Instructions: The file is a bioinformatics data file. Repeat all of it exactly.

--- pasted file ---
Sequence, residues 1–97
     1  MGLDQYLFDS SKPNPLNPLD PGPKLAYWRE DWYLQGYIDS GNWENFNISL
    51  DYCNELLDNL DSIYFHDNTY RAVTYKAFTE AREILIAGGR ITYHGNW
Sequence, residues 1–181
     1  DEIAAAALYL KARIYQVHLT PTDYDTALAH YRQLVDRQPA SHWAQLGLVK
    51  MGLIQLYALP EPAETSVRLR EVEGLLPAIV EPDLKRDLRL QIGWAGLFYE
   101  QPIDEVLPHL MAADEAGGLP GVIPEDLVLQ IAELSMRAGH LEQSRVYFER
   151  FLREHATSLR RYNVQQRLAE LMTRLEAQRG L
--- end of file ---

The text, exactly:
Sequence, residues 1–97
     1  MGLDQYLFDS SKPNPLNPLD PGPKLAYWRE DWYLQGYIDS GNWENFNISL
    51  DYCNELLDNL DSIYFHDNTY RAVTYKAFTE AREILIAGGR ITYHGNW
Sequence, residues 1–181
     1  DEIAAAALYL KARIYQVHLT PTDYDTALAH YRQLVDRQPA SHWAQLGLVK
    51  MGLIQLYALP EPAETSVRLR EVEGLLPAIV EPDLKRDLRL QIGWAGLFYE
   101  QPIDEVLPHL MAADEAGGLP GVIPEDLVLQ IAELSMRAGH LEQSRVYFER
   151  FLREHATSLR RYNVQQRLAE LMTRLEAQRG L